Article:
Rimal and Writing the Nation: Building Democracy in South Asia
Keywords:Rebel, new historicism, social history, voicing for change, national ethos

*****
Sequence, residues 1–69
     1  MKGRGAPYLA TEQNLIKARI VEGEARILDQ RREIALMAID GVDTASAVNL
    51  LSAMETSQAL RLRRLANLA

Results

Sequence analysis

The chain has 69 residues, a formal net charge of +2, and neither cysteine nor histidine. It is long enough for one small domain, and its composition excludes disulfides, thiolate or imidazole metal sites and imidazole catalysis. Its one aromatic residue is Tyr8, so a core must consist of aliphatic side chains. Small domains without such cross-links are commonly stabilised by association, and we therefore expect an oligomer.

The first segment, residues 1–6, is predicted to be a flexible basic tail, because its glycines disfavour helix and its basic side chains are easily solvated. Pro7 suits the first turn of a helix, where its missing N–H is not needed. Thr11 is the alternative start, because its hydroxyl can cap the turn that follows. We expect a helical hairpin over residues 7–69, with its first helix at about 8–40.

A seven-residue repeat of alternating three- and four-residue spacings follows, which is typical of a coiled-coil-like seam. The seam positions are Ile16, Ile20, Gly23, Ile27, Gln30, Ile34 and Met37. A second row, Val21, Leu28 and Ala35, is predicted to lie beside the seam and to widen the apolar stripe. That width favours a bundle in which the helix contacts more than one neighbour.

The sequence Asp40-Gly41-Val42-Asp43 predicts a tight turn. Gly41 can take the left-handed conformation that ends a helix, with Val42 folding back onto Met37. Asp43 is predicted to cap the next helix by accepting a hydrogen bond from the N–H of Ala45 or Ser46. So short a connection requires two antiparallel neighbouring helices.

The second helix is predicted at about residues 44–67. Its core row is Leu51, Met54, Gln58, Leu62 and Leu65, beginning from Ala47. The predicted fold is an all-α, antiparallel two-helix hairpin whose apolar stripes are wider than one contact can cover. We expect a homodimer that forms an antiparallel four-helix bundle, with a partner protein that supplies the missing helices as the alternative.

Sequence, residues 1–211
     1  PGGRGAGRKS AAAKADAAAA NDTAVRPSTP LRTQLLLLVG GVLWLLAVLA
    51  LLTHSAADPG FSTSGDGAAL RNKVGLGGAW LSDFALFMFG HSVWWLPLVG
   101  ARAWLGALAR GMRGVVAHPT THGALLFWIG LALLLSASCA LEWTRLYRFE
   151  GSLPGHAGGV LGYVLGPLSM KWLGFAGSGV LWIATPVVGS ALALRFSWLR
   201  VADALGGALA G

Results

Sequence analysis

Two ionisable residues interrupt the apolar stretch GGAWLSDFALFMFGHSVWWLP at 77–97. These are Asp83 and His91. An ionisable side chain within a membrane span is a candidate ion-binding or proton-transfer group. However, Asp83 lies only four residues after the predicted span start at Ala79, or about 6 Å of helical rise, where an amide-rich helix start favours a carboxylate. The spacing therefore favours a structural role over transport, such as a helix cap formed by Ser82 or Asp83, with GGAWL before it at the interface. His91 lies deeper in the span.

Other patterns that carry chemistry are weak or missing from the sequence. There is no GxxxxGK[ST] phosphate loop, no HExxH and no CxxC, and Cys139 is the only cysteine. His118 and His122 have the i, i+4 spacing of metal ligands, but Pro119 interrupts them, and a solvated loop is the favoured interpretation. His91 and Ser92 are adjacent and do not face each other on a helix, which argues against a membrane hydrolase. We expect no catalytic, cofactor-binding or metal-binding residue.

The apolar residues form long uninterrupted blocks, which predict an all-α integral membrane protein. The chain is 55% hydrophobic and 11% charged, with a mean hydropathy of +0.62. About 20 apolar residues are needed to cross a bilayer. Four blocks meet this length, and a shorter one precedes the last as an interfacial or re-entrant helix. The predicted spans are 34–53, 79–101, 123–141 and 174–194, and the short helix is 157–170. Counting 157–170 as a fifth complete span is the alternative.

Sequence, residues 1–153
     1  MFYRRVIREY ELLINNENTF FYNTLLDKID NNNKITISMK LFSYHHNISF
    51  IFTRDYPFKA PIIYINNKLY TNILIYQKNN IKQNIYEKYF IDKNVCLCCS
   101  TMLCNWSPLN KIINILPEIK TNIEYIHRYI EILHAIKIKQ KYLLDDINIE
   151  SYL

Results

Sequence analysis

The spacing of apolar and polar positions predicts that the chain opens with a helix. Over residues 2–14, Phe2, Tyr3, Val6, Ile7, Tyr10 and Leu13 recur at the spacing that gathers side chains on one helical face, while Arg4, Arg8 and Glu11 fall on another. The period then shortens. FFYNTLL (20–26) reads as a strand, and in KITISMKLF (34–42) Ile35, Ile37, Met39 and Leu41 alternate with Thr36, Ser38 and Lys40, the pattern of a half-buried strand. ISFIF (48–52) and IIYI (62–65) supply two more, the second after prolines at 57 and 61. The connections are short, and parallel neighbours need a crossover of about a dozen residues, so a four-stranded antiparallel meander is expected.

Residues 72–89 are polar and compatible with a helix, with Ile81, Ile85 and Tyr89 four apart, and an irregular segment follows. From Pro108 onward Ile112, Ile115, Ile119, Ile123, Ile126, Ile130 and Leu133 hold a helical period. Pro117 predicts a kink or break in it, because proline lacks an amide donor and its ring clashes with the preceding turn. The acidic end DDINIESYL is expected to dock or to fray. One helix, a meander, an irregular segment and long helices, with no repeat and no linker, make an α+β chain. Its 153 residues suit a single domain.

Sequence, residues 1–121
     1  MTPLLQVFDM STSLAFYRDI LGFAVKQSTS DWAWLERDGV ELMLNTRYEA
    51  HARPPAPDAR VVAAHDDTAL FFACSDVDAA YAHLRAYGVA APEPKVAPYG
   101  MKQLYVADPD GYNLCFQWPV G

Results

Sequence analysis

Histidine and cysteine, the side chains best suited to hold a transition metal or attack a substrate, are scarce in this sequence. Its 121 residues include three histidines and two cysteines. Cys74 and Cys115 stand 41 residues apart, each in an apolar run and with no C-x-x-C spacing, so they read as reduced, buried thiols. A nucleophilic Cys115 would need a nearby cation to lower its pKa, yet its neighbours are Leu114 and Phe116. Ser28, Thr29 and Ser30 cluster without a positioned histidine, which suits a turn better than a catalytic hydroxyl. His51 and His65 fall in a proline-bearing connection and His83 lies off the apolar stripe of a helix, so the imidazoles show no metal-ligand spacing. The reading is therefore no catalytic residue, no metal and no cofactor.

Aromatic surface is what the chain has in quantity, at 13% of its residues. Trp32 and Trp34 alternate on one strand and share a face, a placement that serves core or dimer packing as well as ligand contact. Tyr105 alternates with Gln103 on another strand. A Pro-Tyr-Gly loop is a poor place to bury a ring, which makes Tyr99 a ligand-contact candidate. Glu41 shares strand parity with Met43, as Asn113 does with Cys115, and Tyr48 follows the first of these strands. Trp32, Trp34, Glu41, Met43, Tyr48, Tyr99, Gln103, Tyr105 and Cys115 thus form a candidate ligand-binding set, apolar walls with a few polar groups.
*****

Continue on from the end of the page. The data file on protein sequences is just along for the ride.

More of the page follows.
In his play Masan (1946), the modern Nepali playwright Gopal Prasad Rimal (1918–1973) captures the national aspiration for political change in the 1940s. He weaves a narrative in and around the protagonist Krishna as the typical member of the ruling elite. The play explores his inability to understand the dynamics of conjugal and family life at the personal level, representing the failure of the rulers to grasp the changing spirit of the society. The play sets Krishna in a politically analogous situation of the nation in which the repressive order dominates the people. Consequently, the nation searches for a new form of governance to get rid of the repression of the Rana rule. At the same time, Rimal grasps the spirit of the awakening of the South Asian countries in the process of democratization during the 1940s. He uses a very personal narrative of Krishna to discuss the impacts of larger political ideology of patriarchy in the formation of self like Helen, Bagmati, or the Bride. Presenting Krishna’s world as a microcosm for the whole nation, the playwright depicts the national political ethos in the play. The victimization of the innocent characters and the tension resulting from therein parallel the suffering of the nation. The denial of creative potential appears as the central device through which he approaches the national quest for change. Giving a new historicist reading to the play, this paper argues that Rimal’s play prepares a ground to justify the call for radical change in the existing order of the Rana regime in the 1940s in Nepal.
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